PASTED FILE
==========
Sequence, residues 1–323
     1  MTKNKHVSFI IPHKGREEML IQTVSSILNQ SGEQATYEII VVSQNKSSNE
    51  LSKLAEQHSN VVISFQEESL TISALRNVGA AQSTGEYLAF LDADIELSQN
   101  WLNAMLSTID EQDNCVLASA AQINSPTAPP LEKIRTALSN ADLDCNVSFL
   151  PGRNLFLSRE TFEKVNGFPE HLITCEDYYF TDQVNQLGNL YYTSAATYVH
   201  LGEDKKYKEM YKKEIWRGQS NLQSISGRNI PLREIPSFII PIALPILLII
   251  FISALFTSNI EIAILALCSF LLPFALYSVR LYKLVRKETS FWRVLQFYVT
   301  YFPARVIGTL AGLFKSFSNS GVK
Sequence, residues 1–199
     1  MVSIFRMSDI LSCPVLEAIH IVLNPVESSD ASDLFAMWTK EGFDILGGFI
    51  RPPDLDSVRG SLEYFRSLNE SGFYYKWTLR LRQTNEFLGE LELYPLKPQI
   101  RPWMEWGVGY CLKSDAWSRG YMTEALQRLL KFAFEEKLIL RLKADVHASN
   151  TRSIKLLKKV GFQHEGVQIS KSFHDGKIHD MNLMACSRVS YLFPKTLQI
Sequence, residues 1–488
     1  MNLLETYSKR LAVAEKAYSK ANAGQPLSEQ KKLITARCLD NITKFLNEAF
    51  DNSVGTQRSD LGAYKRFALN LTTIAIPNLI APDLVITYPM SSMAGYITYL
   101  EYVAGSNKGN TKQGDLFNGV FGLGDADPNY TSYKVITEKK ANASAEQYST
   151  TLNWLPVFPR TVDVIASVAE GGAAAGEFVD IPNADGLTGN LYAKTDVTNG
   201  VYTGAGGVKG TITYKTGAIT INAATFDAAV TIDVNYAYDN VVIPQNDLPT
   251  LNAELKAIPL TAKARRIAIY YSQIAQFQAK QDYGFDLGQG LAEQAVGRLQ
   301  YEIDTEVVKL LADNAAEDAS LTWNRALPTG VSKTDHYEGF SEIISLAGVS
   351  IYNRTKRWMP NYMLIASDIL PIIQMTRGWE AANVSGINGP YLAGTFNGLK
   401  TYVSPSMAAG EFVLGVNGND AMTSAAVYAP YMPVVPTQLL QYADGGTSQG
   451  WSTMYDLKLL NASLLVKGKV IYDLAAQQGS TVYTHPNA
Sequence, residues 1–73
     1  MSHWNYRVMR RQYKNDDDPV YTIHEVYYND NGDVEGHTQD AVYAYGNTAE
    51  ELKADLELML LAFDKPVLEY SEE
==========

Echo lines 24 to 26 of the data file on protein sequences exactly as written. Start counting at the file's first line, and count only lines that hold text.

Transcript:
   451  WSTMYDLKLL NASLLVKGKV IYDLAAQQGS TVYTHPNA
Sequence, residues 1–73
     1  MSHWNYRVMR RQYKNDDDPV YTIHEVYYND NGDVEGHTQD AVYAYGNTAE